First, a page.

We have a new exhibition in Florence, from July 8th, 2015 to November 15th, 2015, and it is in Casa Buonarroti: “The power of myth. The plans for the facade of the Basilica di San Lorenzo in Florence, from Michelangelo to the 1900 competition”. Some churches, built in the Middle Ages or in the Renaissance in Florence Italy, have been left unfinished: the facade, generally the last part of a church to be built, was left incomplete in the church of Santa Maria Novella (completed in 1470 by Leon Battista Alberti) and in the Cathedral of Santa Maria del Fiore (where it was torn down in 1587 and rebuilt only in the late 19th century). The church of Santa Croce didn’t have a facade until 1853, and some more churches still don’t have one, like Santa Maria del Carmine. The history of San Lorenzo facade is very interesting, as it was actually commissioned by Pope Leo X (Giovanni de Medici) to Michelangelo, back in 1518, but the great artist didn’t even really start the construction to dedicate to the Medici tombs.
The importance of the Basilica
“The event has a special significance for Casa Buonarroti, which contains the large wooden model of Michelangelo – the curator Eugenio Giani explained during the presentation -. San Lorenzo facade was and is a problem which we must investigate and discuss as part of a search that starts from Michelangelo and gets to the present day, through an art-historical period, between 19th and 20th century, during which many important religious buildings were completed in the front elevation.”
The Basilica of San Lorenzo is one of the churches which are a symbol of Florence: consecrated by Saint Ambrose in 393 a.D. it was the cathedral before the status was given to Santa Reparata, when the remains of the first bishop of Florence, Saint Zenobius, were transferred in the new church. In the first half of the 15th century, the church was entirely rebuilt by Filippo Brunelleschi, and can be considered the first example of Renaissance church. San Lorenzo was also the burial place of the members of the Medici family, a tradition that continued, with some exceptions, to the Medici Grand Dukes until the extinction of the dynasty.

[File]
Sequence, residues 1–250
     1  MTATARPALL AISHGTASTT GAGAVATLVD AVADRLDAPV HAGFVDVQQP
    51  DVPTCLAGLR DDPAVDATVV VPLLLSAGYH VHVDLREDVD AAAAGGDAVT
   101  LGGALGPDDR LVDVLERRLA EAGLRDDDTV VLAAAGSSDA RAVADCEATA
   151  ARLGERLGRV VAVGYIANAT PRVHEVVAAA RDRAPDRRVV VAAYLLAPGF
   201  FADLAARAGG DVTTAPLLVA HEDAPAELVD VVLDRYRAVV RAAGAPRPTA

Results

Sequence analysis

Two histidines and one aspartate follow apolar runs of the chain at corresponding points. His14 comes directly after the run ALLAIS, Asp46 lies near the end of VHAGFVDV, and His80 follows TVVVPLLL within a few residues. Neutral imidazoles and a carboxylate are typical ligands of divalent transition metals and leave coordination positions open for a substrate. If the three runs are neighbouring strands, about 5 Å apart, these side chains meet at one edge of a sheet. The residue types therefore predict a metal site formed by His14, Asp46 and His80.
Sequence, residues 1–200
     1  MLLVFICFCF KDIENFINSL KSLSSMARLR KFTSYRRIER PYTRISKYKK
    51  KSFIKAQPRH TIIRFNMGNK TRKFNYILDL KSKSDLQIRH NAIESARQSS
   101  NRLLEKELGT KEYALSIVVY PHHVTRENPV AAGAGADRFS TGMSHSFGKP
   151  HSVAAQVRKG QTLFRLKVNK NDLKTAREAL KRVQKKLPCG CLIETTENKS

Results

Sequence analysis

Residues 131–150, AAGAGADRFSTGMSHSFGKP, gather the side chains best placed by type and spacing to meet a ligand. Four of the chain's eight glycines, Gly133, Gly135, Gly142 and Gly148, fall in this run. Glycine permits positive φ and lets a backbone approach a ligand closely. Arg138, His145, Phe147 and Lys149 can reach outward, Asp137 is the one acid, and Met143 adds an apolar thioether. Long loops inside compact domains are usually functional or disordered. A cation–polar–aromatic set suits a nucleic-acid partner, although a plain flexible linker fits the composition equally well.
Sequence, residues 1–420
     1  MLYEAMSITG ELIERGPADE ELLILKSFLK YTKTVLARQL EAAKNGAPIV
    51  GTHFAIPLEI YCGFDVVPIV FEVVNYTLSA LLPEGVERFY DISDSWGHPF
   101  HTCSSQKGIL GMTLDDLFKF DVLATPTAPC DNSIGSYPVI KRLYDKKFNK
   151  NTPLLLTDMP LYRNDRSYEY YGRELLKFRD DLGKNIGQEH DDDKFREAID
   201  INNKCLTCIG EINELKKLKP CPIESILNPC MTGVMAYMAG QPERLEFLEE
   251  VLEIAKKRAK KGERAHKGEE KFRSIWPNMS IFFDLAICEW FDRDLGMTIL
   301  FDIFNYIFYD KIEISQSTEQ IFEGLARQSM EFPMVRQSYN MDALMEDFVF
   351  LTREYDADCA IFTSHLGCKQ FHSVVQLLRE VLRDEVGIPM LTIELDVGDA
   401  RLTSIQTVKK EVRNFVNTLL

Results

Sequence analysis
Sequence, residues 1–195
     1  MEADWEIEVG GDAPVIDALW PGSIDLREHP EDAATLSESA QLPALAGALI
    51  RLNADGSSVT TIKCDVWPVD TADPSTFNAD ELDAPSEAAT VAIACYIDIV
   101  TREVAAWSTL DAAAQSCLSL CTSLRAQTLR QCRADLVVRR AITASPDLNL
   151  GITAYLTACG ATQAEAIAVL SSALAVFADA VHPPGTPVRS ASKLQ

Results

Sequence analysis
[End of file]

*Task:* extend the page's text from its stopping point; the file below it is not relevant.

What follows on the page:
Attempts to build San Lorenzo facade
In December of 1515, after almost a quarter century since the end of the construction of the basilica of San Lorenzo, Pope Leo X de Medici decided to hold a competition for the missing facade. The exhibition starts from the description of that event, which as Vasari describes in his Lives, was attended by the most prominent artists of the time, including Raphael and Michelangelo, who then got the job. After a series of studies culminating in the creation of a wooden model now housed in Casa Buonarroti, the yard of the facade was started, but shortly after it was suspended by order of the same Pontiff. Perhaps because of the complexity of the project, perhaps for fear of confronting with the Supreme Artist, for almost two centuries the problem was never addressed.
It was Anna Maria Luisa, the last representative of the Medici House, to reopen it, by running projects in the first half of the 18th century; others followed in the 19th century, such as the highly accurate project by Pasquale Poccianti (1837), but all remained on paper. Thanks to the legacy of a private citizen, Francesco Mattei, the theme was taken up again in April 1900 with a competition to which fifty architects took part.
Considering the complexity of the topic and noting that the seventy projects submitted needed changes and improvements, it was decided to launch a second round and only in 1905 the Selection Committee, chaired by Heinrich von Geymüller, chose the project of Cesare Bazzani as the winner. The controversy that followed was yet so switched that the City Council soon decided to abandon the enterprise and to split the Mattei legacy between eight churches in Florence.
The exhibition will have more than 50 tables of projects on display to give an account of the vicissitudes that, over the centuries, regarded “the impossibility” to complete the Basilica of San Lorenzo facade.